Diving with Cow Sharks in Cape Town.
Diving with the spotted seven Gill cow sharks (Notorynchus cepedianus)
Pyramid or also known as shark alley is one of our local dive sites in False Bay where we are very fortunate to be able to dive with the spotted seven gill cow sharks.
The site is reachable by boat or for the adventurers a shore dive where a bit of swimming, kelp crawling and balancing on rocks skills are required.
But when you get to the underwater wonder world everything will be well worth it. The sharks who are a prehistoric shark species with their 7 gills and no dorsal fin really like to come and check the divers out.
You would notice that certain individuals will be swimming pass a couple of times throughout the dive. Mostly females congregate in the small area and most of them are full of scars attained by mating, probably feeding and of course injuries caused by humans and some attacks by other bigger sharks. They are apex hunter’s thus smaller sharks and seals are on the menu and are also opportunist feeders.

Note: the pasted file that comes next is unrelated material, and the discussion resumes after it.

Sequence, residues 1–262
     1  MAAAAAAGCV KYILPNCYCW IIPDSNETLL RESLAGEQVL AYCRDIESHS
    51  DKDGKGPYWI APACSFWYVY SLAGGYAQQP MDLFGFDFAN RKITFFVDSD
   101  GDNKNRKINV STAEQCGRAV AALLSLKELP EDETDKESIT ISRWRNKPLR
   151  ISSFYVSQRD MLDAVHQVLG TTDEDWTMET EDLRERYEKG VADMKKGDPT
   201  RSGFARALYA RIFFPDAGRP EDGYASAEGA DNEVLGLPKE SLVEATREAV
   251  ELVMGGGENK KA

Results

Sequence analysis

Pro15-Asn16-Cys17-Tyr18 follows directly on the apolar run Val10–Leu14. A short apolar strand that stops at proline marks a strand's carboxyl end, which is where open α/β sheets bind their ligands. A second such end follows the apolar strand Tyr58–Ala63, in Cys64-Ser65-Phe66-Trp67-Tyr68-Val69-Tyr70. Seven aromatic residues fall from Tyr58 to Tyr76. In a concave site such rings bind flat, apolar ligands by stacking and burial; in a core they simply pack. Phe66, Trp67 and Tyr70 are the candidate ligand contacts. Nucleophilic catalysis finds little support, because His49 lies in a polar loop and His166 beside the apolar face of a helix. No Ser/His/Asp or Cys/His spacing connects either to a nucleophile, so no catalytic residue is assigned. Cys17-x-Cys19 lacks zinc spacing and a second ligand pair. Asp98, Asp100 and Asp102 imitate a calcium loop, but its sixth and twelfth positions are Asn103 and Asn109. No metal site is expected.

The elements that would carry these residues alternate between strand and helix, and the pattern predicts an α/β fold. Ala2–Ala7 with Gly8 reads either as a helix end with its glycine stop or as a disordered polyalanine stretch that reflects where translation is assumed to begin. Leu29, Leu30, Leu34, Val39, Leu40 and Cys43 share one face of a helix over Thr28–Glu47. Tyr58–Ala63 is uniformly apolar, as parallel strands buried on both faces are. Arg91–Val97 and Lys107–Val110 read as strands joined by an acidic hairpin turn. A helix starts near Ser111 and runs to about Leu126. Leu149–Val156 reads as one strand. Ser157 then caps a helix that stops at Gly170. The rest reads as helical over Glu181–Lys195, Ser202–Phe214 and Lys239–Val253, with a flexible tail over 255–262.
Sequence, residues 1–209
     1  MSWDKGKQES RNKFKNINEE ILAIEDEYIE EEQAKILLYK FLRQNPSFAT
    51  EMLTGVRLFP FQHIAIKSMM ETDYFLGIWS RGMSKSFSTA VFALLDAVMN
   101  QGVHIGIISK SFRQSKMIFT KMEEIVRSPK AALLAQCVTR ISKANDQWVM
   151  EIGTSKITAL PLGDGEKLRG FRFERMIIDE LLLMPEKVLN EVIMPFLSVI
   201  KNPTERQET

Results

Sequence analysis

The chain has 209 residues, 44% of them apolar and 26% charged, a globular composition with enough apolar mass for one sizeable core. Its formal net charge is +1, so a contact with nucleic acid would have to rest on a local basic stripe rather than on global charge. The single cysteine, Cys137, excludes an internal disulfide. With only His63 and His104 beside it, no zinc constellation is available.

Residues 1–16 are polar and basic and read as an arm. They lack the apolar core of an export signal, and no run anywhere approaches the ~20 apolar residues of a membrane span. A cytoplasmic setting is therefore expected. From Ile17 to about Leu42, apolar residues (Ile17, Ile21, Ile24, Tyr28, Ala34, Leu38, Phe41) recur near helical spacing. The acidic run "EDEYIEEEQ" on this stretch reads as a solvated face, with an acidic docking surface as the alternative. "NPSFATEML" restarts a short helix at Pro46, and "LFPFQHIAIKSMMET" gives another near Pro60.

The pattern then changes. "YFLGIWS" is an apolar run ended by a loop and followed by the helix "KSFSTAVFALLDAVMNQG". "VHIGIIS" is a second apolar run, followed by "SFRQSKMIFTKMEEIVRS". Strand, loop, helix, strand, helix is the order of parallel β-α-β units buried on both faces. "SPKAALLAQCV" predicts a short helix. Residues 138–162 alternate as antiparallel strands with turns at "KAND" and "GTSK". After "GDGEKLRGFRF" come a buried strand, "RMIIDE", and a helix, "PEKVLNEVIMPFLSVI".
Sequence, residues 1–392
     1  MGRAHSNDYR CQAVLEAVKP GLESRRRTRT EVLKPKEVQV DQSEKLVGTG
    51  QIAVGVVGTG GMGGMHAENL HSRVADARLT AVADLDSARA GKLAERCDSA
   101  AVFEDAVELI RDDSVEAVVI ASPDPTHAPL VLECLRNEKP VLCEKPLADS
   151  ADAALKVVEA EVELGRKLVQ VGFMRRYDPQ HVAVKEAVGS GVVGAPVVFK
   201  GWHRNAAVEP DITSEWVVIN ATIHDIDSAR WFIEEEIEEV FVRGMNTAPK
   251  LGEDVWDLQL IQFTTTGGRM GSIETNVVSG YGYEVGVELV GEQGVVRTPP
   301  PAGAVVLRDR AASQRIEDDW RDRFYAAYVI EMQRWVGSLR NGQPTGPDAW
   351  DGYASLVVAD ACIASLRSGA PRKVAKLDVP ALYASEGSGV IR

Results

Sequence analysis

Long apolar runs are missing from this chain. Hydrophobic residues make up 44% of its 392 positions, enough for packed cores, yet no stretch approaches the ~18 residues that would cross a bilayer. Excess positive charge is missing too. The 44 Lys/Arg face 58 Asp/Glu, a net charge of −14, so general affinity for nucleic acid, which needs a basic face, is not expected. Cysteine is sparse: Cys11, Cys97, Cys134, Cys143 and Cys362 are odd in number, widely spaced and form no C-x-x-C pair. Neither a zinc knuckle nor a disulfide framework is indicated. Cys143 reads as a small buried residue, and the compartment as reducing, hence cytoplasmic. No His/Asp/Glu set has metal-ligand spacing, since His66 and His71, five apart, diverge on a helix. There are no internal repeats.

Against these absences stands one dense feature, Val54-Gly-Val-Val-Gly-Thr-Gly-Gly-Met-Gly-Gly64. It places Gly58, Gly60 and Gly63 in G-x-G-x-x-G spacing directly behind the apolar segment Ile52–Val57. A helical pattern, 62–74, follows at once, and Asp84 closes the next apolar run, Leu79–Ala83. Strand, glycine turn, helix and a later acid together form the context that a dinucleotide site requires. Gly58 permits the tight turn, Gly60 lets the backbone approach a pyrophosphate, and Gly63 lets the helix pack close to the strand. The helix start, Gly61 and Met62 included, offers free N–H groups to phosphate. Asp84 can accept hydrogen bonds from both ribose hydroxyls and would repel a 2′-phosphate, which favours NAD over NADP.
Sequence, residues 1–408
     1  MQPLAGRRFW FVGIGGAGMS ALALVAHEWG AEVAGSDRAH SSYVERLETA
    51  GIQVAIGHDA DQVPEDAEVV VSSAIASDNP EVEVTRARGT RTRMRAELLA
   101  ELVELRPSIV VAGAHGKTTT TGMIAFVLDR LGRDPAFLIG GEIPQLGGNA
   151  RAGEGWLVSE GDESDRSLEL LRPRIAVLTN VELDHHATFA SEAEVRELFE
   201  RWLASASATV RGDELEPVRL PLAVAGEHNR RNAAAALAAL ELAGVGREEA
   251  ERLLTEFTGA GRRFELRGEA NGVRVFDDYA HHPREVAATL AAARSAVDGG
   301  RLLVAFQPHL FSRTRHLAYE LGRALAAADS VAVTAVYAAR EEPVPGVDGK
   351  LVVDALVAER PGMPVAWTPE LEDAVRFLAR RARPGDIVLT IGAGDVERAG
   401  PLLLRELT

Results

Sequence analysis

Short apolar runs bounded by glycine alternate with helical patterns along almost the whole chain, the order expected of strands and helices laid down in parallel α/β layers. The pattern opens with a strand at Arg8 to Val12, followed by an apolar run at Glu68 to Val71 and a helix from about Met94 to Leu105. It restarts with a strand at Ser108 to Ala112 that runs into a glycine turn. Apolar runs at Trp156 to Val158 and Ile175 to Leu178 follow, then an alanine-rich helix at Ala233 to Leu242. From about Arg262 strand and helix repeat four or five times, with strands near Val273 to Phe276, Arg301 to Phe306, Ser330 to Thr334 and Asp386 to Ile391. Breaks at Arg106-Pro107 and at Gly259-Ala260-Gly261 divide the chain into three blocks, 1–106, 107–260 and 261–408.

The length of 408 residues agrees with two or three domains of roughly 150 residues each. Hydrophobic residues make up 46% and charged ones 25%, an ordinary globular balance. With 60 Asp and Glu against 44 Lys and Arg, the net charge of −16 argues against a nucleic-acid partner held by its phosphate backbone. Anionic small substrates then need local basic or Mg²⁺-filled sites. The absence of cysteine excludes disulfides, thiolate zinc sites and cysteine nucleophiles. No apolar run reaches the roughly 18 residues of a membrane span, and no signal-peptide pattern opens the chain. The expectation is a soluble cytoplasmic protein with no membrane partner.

I once saw them feeding on Mullet when a couple of sharks were bait balling them.
In my experiences diving with them I found that they are really very docile with a big “smile” on their faces and only once saw teeth exposed. Saying this makes some divers wanting to touch them and with the briefing we warn divers not to touch as they are really quite fast when they are touch unexpected and could turn around and bite a diver.
Not too much is known why the sharks stay in that one area constantly. Some facts that are known is that they do hunt in packs. They do spy hopping, meaning they put their heads out of the water to spot prey. Live bearing of their young (ovoviviparous) and females can attain sizes of 3 meters long. It is still a mystery to where they pup and what happens to the young ones as small juveniles are rarely seen.